Jungle Jap hosted his first shows attracting international press and fashion leading figures who were looking forward to see the creations of this new off-the-grid talent who used inexpensive textures combined with foreign ones in the world’s capital of haute couture. His catwalks was true spectacle, more like dance-walk, with models dancing down the runway as in a living canvas, wearing incredible-volumes blouses, eccentric colorful scarves, turbans, male-styled pants and huge plants and animals embroideries. He obtained cover pages of major magazines already by 1971 definitively paving the way for his worldwide success. From the Jungle Jap, to Studio 54, to a circus tent where models ride horses with transparent suits and he closed the event arriving on a elephant, Kenzo’s shows turned to be pure magic.
The extraordinary mix of cultures as well as the intent of a genderless style in his collections anticipated, 50 years before, today’s dominant discourse of diversity and inclusivity. His was a liberating fashion, a celebration of the colors of life. “Kenzo stands for Freedom” said Antonio Marras who would take the brand’s creative direction at the end of the 90s.
Kenzo described his Parian days enthusiastically, working nonstop all day and then partying till the dawn. He was an obsessive beholder, spending most of the time observing people around Paris to understand their habits and style. Living abroad gave him also the chance to feel nostalgia for home making him profoundly appreciate the beauty and value of Japanese traditions. By taking as main reference his mother’s kimonos and including Japanese, Chinese and Korean models in the shows, Takada made Asian culture revive and find new modern significance throughout his clothes. The designer introduced the “ethnic chic”, laid claiming the importance of using fashion realm as a way to express different populations’ sentiments and symbols.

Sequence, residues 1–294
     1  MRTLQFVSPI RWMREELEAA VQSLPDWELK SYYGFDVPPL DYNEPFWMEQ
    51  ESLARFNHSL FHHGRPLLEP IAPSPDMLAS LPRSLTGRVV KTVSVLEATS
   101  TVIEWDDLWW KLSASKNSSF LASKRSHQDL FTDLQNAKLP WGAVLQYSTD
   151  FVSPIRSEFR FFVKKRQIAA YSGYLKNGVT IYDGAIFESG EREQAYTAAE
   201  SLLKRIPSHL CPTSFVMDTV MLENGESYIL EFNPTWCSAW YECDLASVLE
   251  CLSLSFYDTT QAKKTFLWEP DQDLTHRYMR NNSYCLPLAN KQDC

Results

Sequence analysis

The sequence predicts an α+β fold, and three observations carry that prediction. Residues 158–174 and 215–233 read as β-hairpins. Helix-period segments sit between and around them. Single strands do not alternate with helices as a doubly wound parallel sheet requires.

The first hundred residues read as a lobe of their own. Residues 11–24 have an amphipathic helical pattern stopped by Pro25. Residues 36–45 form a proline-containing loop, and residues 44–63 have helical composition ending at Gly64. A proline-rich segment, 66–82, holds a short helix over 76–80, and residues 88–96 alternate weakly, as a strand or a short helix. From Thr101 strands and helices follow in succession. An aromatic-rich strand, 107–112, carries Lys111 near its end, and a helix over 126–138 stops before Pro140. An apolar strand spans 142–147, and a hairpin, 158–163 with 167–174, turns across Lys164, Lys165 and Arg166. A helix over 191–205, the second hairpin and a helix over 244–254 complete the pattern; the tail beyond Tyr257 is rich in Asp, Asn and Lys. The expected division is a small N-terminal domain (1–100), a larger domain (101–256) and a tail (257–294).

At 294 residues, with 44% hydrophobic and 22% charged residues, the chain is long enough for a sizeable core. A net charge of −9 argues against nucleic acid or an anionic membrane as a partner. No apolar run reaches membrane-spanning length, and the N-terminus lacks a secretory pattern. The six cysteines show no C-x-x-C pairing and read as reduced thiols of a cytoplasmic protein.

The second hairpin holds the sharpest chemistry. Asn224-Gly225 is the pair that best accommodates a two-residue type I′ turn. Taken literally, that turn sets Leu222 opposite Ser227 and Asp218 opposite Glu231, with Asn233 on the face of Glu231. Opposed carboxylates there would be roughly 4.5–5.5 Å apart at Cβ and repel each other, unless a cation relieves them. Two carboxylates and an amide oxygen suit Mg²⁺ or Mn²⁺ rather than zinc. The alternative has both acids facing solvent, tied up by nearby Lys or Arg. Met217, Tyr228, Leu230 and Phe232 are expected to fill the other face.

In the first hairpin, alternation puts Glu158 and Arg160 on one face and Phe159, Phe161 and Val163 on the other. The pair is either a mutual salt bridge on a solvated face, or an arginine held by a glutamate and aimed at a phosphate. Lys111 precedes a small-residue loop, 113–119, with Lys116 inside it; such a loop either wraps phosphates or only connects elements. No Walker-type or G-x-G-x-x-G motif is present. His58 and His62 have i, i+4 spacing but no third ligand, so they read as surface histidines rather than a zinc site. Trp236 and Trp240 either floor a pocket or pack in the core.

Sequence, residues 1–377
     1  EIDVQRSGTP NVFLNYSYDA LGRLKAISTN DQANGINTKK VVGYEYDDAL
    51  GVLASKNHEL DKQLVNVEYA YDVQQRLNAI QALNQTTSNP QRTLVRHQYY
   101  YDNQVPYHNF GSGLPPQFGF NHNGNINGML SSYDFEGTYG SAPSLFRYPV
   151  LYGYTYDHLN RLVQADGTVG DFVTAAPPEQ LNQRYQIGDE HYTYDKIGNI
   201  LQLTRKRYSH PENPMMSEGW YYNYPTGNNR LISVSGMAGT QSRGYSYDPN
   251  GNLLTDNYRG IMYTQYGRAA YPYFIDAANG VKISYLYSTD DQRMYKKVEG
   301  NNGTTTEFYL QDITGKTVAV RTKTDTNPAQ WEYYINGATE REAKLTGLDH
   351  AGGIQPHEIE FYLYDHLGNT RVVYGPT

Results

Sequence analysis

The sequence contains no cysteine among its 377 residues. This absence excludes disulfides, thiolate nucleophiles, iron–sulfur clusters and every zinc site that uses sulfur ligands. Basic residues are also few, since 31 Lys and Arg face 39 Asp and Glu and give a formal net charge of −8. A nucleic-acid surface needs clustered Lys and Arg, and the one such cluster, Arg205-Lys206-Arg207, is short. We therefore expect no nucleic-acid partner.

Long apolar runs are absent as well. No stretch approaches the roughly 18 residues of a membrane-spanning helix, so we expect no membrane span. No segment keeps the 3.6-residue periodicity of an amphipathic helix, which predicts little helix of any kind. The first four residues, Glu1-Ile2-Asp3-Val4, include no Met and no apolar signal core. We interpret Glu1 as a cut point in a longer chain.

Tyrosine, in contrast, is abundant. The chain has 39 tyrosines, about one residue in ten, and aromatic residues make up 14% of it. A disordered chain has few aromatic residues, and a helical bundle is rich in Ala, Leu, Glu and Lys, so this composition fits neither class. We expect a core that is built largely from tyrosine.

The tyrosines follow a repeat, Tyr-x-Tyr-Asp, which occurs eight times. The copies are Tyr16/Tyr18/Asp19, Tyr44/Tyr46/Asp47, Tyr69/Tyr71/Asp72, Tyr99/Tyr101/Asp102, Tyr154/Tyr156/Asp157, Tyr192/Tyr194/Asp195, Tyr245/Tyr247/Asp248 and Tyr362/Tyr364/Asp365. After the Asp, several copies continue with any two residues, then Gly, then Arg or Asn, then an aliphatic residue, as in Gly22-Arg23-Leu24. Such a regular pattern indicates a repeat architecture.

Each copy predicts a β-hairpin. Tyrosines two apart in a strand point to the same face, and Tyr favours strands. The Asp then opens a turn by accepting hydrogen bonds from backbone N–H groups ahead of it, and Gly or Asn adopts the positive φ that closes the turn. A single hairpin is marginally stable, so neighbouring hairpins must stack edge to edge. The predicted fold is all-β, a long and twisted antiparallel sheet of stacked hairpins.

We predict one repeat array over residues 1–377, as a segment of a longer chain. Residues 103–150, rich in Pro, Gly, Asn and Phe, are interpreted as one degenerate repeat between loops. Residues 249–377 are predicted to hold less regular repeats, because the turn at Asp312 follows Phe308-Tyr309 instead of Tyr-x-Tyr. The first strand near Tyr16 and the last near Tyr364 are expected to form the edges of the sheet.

After luminous years of amazing ‘wild’ creations global success, and, above all, fun (he definitely introduced the idea that Fashion is Fun), 1990 represented for Kenzo the darkest moment. His great love and business companion, Xavier, sadly passed away. In 1999, after a memorable commemorative fashion show, he decided to sell the house to the LVMH group, and first Marras and then the dynamic duo Carol Lim e Humberto Leon, took his baton as creative directors. Leaving fashion design, Kenzo Takada has continued to find expressive outlet for his revolutionary instinct by creating unique home furniture pieces, till founding this year, 2020, the brand K3, whose products include ceramics, carpets and curtains, obviously with his distinguishable joyous tones.
Having chosen his own way, detaching himself from his partner’s and the whole world’s established rules, till being able to reinvent them for good, the battle that Kenzo Takada didn’t manage to win is the only one out of his invincible creative power. Last Sunday we had to say goodbye to this visionary master, because of the war we are all fighting, the coronavirus pandemic disease. However, the legacy of his 81-years-long story of joyous rebellion will never stop influencing, inspiring and encouraging us to stand up again from failures and darkest times. Today more than ever we need to keep close his example of high spirit and love for nature, beauty and life.